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Latin American, Latino, and Caribbean Studies

COURSES IN LATIN AMERICAN AND CARIBBEAN STUDIES (LACS)

1. Introduction to Latin America and The Caribbean

11F: 10 12S: 10

This interdisciplinary course introduces students to the geographical conditions, historical roots, and enduring cultural diversity of Latin America and the Caribbean. After a brief survey of the physical and cultural geography of the region, the course examines the history of selected countries to highlight the way European conquest and colonialism have molded Latin American institutions and attitudes. The course then turns to particular case studies of contemporary life and society to analyze the ongoing problems of ethnicity, inequality, and political repression engendered by the region’s colonial past. Finally, the course draws on these historical and anthropological understandings to assess recent economic, social, and political developments in Latin America. By juxtaposing historical realities with their living consequences, the course presents a multi-disciplinary perspective on the nature, dynamics—and future prospects—of the many peoples who inhabit this vast and diverse continent. Dist: SOC; WCult: NW. Baldez

4. History, Culture and Society: The Many Faces of Latin America (Identical to African and African American Studies 16)

12W: 10A 12W: 10 A

The Spanish discovery and conquest of this continent created Latin America and the Caribbean out of the diverse and complex realities of the pre-Columbian world. Since colonial times Latin American and Caribbean cultures have developed against a background of cultural repression, racial conflict, political domination, colonial exploitation, and gender inequality. And yet, in the midst of all this turmoil, Latin America and the Caribbean have produced an extraordinary variety and wealth of artistic creations, ranging from literature to the visual arts, from music to film. In this course we will turn to some of the works by Latin American and Caribbean artists and writers in an attempt to illuminate and explore some of the wonders of the cultural dynamics that shape the many faces of what we call Latin America and the Caribbean. Dist: LIT; WCult: NW. Bueno, Walker (12W), Franconi, Pastor (13W)

7. First-Year Seminars in Latin American, Latino and Caribbean Studies

Consult special listings

10. Pre-Columbian and Colonial America (Identical to History 5.6)

Not offered in the period from 11F through 13S

30. Topics Course in the Humanities

12W: 11, 12S: 11, 12S: 10

30.1, In 12W at 11, Race and Ethnicity in Brazilian Cinema. This course will explore aspects of race and representation in Brazilian film from its earliest beginnings in the silent film era through the present day. Students will gain insight into issues of cultural identity in Brazil as well as learn about the major aesthetic movements in the country’s cinema. Smolin.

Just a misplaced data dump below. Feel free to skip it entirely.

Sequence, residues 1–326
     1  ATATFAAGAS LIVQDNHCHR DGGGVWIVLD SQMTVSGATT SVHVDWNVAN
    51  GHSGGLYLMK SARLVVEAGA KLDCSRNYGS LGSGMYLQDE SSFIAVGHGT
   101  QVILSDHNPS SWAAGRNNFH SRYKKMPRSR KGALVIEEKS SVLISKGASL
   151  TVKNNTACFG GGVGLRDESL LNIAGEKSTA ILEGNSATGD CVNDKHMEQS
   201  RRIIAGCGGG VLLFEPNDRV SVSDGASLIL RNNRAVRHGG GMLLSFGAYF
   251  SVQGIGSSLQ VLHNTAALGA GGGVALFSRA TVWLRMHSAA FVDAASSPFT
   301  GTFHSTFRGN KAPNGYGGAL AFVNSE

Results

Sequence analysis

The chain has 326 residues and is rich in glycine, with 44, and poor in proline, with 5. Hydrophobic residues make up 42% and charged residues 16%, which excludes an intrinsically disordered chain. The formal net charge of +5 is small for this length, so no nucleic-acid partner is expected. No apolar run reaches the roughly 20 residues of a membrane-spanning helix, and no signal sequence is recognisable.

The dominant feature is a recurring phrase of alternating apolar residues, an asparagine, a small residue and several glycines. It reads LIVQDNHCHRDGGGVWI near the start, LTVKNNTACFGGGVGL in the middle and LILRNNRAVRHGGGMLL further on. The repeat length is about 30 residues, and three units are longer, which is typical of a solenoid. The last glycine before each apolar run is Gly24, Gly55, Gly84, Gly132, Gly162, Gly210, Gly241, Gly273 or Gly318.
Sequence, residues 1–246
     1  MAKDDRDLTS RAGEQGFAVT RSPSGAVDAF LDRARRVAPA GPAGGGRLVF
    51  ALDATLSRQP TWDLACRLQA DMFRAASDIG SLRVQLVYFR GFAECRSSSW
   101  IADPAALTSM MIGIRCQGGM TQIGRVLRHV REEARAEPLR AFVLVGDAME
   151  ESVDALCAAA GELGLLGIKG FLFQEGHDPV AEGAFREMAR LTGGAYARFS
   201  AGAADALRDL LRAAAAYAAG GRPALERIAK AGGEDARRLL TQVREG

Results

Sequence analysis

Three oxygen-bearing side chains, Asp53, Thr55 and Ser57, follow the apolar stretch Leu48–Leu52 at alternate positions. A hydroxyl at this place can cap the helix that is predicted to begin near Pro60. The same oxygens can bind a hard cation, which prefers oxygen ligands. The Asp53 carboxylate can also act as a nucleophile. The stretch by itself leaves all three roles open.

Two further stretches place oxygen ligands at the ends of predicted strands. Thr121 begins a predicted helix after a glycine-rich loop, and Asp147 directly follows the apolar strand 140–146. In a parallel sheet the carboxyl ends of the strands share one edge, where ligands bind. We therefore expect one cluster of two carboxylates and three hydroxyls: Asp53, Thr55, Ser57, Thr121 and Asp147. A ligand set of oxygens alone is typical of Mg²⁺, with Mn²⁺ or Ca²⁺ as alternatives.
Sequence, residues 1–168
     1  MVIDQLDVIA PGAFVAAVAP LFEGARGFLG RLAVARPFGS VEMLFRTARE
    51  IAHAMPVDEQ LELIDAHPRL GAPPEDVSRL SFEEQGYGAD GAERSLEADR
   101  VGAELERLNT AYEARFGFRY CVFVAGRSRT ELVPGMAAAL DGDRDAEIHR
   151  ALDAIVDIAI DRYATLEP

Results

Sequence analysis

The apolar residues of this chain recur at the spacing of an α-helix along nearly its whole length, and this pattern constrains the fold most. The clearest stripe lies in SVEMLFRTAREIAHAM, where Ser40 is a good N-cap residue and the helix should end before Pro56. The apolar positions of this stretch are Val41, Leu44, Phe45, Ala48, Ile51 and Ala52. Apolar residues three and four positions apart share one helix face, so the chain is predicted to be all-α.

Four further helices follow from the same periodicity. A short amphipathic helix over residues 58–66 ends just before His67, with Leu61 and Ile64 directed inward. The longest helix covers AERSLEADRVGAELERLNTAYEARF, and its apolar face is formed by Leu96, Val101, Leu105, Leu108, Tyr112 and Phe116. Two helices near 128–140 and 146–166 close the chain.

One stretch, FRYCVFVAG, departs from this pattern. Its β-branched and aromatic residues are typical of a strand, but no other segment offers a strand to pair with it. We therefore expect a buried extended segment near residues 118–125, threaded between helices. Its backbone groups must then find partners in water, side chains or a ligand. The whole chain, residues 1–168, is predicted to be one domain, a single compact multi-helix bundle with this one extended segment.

30.3. Gringos in Mexico, In 12S: 10, Gringos in Mexico: English speaking writers and their love of Mexico. This course is focused on half a dozen writers who made Mexico part of their writing life and their subject mattes. It deals not only with their novels and journalism, but also with writers’ personal lives during their travels or long stays in Mexico. Although this is a literature course, it is also a cultural studies course in that it deals with sociology, anthropology and esthetics. Dist.: Lit; WCult: NW. Palou.

42. The Aztecs (Identical to, and described under, Anthropology 21)

12W: 10A

Dist: SOC; WCult: NW. Nichols.

43. Olmecs, Maya, and Toltecs: Ancient Civilizations of Mesoamerica (Identical to, and described under, Anthropology 22)

12F: 12 12W: 12

Dist: SOC; WCult: NW. Nichols.

44. Incas (Identical to, and described under, Anthropology 23)

12W: 11, 13S: 12

Dist: (ARCH) pending faculty approval.

48. Mexican Muralism (Identical to Art History 16)

12S: 12

Dist: ART; WCult: CI. Coffey.

50. Topics Course in the Social Sciences

Not offered in the period from 11F through 13S

51. The Brazilian Amazon and Multilingualism (Identical to Linguistics 50 and described under Anthropology 50.3)

Not offered in the period from 12F through 14

52. Gender Politics in Latin America (Identical to Government 49.4 and Women’s and Gender Studies 31)

12S, 14S: 2A

This course examines women’s movements in Latin America. Women in Latin America are perhaps the most highly mobilized population in the world. Throughout the region women have organized around myriad issues, including the right to vote, human rights, poverty, legal rights, anticommunism, the workplace, race, ethnicity and war. Women’s efforts to challenge fiercely repressive regimes, deeply entrenched norms of machismo and extreme poverty defy conventional stereotypes about women and provide us with inspiring examples of how to sustain hope during difficult times. The course will introduce students to recent scholarship on women’s movements in Latin America in the 20th century and seek to understand the emergence, evolution and outcomes of women’s movements in particular countries and crossnationally. Dist: SOC; WCult: NW. Baldez.

53. Protests and Parties in Latin America (Identical to Government 49.5)

13W: 10

For many people, Che Guevara remains the key symbol of protest in Latin America. His passionate belief in social justice, his refusal to compromise and the extraordinary personal sacrifices he made on behalf of the poor all contribute to his enduring legacy. While this legacy continues to inspire people to engage in protest and revolutionary movements, it does little to help us understand the conditions under which organized movements will succeed in their goals-or even form in the first place. Under what conditions do people organize on behalf of their collective interests? We compare revolutionary movements, social movements, political parties and other forms at political action in various countries throughout the region. Dist: SOC or INT; WCult: NW. Baldez.